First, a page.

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Email chain allegedly shows Clinton aide mocking Catholics, Evangelicals


“Their rich friends wouldn't understand if they became evangelicals.”

Director of Communications Jennifer Palmieri aboard Democratic presidential candidate Hillary Clinton's campaign plane while traveling to Miami International Airport in Miami, Tuesday, Oct. 11, 2016, to attend a rally. (AP Photo/Andrew Harnik)

Participants in an email chain purportedly belonging to aides to Democratic presidential nominee Hillary Clinton mocked “conservative Catholicism” as “backwards.”

The 2011 email chain, released by WikiLeaks, shows a conversation that allegedly took place between Clinton campaign communications director Jen Palmieri and Center for American Progress fellow John Halpin. Clinton campaign chairman John Podesta was copied on the email chain.

Jennifer Palmieri, director of communications for Democratic presidential candidate Hillary Clinton's campaign, sits on board the campaign plane while traveling to a Miami rally on Tuesday. (AP Photo/Andrew Harnik)

Halpin sent an email to Podesta and Palmieri mocking the Catholic faith of News Corp CEO Rupert Murdoch and Wall Street Journal managing editor Robert Thomson.

Halpin wrote, “Friggin' Murdoch baptized his kids in Jordan where John the Baptist baptized Jesus.” He went on to argue:

Many of the most powerful elements of the conservative movement are all Catholic (many converts) from the SC and think tanks to the media and social groups. It's an amazing bastardization of the faith. They must be attracted to the systematic thought and severely backwards gender relations and must be totally unaware of Christian democracy.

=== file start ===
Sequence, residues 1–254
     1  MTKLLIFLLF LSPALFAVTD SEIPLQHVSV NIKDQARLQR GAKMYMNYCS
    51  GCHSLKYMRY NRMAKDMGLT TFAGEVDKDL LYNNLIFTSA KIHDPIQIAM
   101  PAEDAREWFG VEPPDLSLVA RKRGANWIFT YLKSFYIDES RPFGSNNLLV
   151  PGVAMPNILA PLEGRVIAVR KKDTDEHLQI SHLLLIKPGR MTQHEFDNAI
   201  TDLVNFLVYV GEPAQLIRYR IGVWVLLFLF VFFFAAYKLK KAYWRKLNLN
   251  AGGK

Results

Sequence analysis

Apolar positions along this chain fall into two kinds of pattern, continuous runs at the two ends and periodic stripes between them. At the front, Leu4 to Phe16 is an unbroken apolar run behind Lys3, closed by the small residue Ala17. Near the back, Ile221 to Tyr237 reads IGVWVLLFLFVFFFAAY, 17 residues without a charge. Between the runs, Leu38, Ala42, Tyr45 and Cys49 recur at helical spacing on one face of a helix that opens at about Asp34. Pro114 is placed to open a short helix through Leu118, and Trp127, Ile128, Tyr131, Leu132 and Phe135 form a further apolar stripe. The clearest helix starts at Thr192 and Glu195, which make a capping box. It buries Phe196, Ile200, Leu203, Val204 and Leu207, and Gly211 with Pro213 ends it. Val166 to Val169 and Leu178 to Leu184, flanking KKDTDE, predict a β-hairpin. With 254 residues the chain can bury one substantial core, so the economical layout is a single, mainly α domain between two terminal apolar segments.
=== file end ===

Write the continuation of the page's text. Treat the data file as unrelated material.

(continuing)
Palmieri replied, “I imagine they think it is the most socially acceptable politically conservative religion.”

“Their rich friends wouldn't understand if they became evangelicals,” she wrote.

Halpin wrote that Palmieri had an “excellent point.”

“They can throw around ‘Thomistic’ thought and ‘subsidiarity’ and sound sophisticated because no one knows what the hell they're talking about,” Halpin wrote.

“Thomistic” thought is a reference to the philosophy of St. Thomas Aquinas, a doctor of the church. According to the Catechism of the Catholic Church, “subsidiarity” is a principle of Catholic teaching that “sets limits for state intervention.”

In a statement, Bill Donohue, president and CEO of the Catholic League, slammed the Clinton campaign over the exchange and argued that Clinton has “a moral obligation to sanction Podesta and Palmieri immediately.”

“These anti-Catholic remarks are bad enough but it makes one wonder what else Clinton’s chiefs and others associated with the campaign are saying about Catholics and Catholicism,” Donohue said.

A spokesperson for the Clinton campaign did not immediately return TheBlaze’s request for comment.

The exchange gained attention on social media.

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